Fuel wastage is no secret in the road transport sector but Bear's Tyres says regular tyre maintenance in vehicles leads to smarter fuel utilisation and greater fuel efficiency.
Downtime and fuel wastage are two key factors that affect profitability in the road transport and logistics sectors.
The unrecognised reality is that downtime and unnecessary expenditure of fuel can easily be attributed to areas often forgotten on trucks and trailers.
Trucks and trailers spend considerable time in the yard for tyres to be changed.
Tyre lifecycle management specialist, Mr Brad Bearman of Bear’s Tyres says the key to smarter fuel utilisation is in maintaining the tyres rather than carelessly running them into the ground and changing them.
He says that neglect of tyre maintenance is directly attributable to unnecessary fuel wastage, particularly for long haul carriers that spend most of their time on the road.
When the wear patterns of tyres and their overall performance are neglected, trucks need to be driven harder, consuming more fuel, which costs the operator a lot of avoidable expense.
Mr Bearman adds that there are ample studies made by government departments and industry bodies to prove that tyre condition and fuel wastage are inter-related, causing transport operators to waste their hard-earned dollars.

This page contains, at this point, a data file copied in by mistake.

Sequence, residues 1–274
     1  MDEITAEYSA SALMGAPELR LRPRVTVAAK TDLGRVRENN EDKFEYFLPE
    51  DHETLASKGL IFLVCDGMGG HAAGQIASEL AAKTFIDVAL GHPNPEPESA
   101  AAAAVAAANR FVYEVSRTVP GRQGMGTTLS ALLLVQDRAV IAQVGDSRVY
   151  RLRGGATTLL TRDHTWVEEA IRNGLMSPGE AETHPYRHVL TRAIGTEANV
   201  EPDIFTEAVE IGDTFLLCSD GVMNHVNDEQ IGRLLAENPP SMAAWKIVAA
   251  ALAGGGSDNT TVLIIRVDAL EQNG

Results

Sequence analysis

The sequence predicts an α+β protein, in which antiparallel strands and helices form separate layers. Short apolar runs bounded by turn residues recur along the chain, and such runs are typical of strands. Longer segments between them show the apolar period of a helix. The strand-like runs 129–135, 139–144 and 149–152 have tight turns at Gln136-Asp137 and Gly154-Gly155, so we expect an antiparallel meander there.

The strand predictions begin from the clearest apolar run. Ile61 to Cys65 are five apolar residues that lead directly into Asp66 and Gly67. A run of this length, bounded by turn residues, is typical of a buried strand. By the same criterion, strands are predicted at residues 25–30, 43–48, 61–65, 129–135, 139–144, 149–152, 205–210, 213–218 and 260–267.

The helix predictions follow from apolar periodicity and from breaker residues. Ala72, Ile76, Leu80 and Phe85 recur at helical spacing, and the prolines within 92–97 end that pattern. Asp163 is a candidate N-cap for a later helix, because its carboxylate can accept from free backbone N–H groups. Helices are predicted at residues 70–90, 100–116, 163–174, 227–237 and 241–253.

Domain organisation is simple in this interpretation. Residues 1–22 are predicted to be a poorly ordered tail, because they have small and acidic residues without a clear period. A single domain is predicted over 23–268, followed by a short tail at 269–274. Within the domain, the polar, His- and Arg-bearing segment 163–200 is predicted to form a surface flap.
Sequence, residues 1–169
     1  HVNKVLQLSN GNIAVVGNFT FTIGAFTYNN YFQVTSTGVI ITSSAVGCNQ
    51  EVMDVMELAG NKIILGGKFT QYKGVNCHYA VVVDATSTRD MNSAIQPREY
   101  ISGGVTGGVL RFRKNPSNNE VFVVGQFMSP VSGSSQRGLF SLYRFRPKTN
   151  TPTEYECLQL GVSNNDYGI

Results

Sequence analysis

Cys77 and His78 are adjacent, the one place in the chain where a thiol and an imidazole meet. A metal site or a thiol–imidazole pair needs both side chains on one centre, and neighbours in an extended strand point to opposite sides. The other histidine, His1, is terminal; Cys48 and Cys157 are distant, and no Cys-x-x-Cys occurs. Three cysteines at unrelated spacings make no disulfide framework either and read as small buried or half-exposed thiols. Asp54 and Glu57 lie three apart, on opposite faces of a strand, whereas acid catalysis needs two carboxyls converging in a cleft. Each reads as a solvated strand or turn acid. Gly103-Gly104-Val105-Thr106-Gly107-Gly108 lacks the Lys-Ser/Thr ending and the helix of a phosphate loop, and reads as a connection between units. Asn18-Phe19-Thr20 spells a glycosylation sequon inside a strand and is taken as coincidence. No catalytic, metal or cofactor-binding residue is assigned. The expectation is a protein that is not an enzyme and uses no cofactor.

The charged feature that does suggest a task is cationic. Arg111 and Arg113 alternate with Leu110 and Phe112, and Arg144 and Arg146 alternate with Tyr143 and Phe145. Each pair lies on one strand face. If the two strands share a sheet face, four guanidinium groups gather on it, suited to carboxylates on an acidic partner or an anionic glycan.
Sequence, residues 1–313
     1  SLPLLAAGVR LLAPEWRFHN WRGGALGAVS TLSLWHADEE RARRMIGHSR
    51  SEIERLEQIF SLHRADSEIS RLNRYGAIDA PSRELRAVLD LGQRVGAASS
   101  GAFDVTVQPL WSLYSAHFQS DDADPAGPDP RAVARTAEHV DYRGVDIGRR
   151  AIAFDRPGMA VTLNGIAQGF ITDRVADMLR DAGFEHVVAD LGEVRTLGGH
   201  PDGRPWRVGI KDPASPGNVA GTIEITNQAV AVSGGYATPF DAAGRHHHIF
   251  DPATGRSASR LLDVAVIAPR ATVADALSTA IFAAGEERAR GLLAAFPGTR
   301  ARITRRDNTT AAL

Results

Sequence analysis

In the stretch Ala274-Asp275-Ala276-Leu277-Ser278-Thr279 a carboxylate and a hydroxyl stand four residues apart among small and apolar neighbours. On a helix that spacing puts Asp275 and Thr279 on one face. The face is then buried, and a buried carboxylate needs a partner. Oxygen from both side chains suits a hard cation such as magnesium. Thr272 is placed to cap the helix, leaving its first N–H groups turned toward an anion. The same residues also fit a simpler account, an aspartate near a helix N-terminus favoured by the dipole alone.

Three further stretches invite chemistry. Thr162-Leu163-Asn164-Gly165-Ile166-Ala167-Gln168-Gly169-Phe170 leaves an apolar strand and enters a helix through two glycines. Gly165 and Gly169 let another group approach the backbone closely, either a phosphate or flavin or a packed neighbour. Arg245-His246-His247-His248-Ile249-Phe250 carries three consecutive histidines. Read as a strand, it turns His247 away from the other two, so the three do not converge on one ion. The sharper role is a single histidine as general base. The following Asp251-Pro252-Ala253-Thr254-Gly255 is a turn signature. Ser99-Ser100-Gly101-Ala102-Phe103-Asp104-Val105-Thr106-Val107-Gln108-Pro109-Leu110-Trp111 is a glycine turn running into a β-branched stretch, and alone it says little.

A recent government ABARE report provides statistics on how petrol and diesel bills have risen in recent years for transporters in spite of carriers and truck manufacturers leaning towards developing more fuel-efficient technologies.
The report says that freight transport accounts for 38% of energy use in the transport sector and is growing at a higher rate than passenger transportation.
Energy use in hauling freight in Australia is dominated by road transport including light commercial vehicles (39%), articulated trucks (30%) and rigid trucks (20%).
When road transport technology is improving in fuel efficiency, Mr Bearman questions why the sector’s use of fuel has increased.
He attributes it to the condition and performance of tyres, which are carrying heavy loads around the country.
While operators spend time and money monitoring and changing their fuel filters and other aspects of the engine, the tyres are almost completely ignored and treated with indifference when they should be handled with care to operate smoothly, he adds.
Mr Bearman says that regular tyre maintenance will not only reduce the amount of downtime, it would definitely have a positive impact on the levels of fuel used to power the vehicle.
Bear’s Tyre Tracker software application puts the control of tyre management into the hands of the owner.
The tyre maintenance software system logs every single tyre owned by a fleet operator, allowing these tyres to be properly tracked, right down to the axle on which they are fitted, and ensures optimised rotation and rebalancing to maximise the expected lifespan of a tyre.